Monday, January 31, 2011
Today, we posted Jason Witten's Profile in our Cowboys section of the DMN website. He is the 9th in our series of 53 that we will be posting here in the next several weeks.
In case you missed any, here are the links to all of the player profiles that we have posted.
Location: Radio Row
The Mix: People with walkie-talkies are saying that Roger Staubach is in the building. The mix is over.
The Open: If you’re pressed into duty for Scotland, would you fight or would you run? Live from Super Bowl XLV Radio Row. Day 21 of the Dan in a Suit Flipbook. BaD Radio is already on stand-by mode, waiting for Roger Staubach to join the show. Naturally they talk about sneaking their piece into the media center and drinking Norm’s open water.
12:20 – Roger Staubach: The open was cut short as Captain America himself, Roger Staubach, joins BaD Radio. Concerning getting ready for a Super Bowl as a quarterback, Roger says that basically it is the same as it was when he was a quarterback; film prep, game plan installation, etc. But the media portion is something that he can’t really relate to. Roger discusses how he won the Super Bowl MVP award instead of Duane Thomas because the voters were not sure how Thomas would react at the trophy presentation; Thomas refused to talk to the media all year. As one of the top guys in the North Texas Super Bowl committee he says he has been constantly asked for tickets throughout the whole process. Donovan is still proud that he intercepted Roger Staubach in the Old Timers Quarterback Bowl.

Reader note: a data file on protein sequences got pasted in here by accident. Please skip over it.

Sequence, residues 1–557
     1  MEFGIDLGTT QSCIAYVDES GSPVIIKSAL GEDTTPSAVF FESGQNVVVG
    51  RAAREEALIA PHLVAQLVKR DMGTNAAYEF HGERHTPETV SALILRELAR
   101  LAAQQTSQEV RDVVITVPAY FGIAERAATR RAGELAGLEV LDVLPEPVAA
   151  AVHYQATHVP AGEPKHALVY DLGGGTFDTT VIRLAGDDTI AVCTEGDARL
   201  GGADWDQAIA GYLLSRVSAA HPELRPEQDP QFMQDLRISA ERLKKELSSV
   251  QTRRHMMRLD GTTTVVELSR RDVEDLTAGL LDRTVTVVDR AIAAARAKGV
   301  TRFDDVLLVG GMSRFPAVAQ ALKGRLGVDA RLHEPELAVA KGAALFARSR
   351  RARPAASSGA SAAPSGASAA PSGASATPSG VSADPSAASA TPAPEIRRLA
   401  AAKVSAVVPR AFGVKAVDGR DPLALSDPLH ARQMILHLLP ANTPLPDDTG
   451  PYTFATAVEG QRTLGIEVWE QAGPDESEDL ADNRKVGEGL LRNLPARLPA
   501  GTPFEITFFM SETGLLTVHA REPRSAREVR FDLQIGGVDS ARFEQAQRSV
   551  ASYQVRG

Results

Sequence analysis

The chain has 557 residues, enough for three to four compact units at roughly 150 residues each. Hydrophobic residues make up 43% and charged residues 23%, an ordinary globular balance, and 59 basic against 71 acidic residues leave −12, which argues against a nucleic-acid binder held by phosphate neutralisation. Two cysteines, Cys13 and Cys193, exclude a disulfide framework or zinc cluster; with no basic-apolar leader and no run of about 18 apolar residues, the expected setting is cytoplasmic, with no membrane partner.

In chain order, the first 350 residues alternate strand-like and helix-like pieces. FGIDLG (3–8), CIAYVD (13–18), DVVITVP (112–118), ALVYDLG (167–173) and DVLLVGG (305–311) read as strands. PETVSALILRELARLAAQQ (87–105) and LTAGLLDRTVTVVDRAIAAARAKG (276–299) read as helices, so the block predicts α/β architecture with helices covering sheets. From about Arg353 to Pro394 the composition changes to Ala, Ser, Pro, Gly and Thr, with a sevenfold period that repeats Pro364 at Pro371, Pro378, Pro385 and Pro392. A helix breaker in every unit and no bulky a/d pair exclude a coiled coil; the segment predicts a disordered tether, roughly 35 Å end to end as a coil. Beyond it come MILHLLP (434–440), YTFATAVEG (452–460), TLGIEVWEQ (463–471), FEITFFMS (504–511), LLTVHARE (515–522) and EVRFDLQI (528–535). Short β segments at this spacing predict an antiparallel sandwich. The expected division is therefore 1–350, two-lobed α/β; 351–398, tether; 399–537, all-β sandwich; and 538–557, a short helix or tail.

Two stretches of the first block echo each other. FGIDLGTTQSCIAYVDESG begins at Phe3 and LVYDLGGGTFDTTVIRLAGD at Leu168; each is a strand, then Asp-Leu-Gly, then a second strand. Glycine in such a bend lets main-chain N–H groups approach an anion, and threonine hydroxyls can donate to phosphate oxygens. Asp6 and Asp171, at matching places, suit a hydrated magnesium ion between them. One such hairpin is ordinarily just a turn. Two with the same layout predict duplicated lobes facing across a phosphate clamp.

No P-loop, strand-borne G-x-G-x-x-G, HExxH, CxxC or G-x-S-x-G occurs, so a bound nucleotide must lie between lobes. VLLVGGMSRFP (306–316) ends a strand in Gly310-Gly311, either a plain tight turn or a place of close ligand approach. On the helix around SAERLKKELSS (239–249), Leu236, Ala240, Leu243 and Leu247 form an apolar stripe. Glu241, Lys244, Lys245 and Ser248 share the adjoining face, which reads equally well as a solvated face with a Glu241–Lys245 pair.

12:40 – Bob’s 30 seconds on Egypt; gas prices are expected to rise due to the conflict in Egypt. All Americans are being instructed to leave. Dan’s thoughts: Egypt is the one with pyramids right? Back to Roger Staubach, is this guy really 68? He is truly a superhero.
12:55 - The guys talk about how being on Radio Row provides some awkward situations with multitudes of representatives coming up and asking if the show wants to have a certain player/coach/former player, etc. on to talk. Not everyone gets on the show. Over the weekend, Bob took his family down to the Stockyards and to Sundance Square, where ESPN is setting up shop. Weather talk is taking over and bleeds into Super Bowl in New York talk. Cold. Rain. Snow. Wind. There, all covered.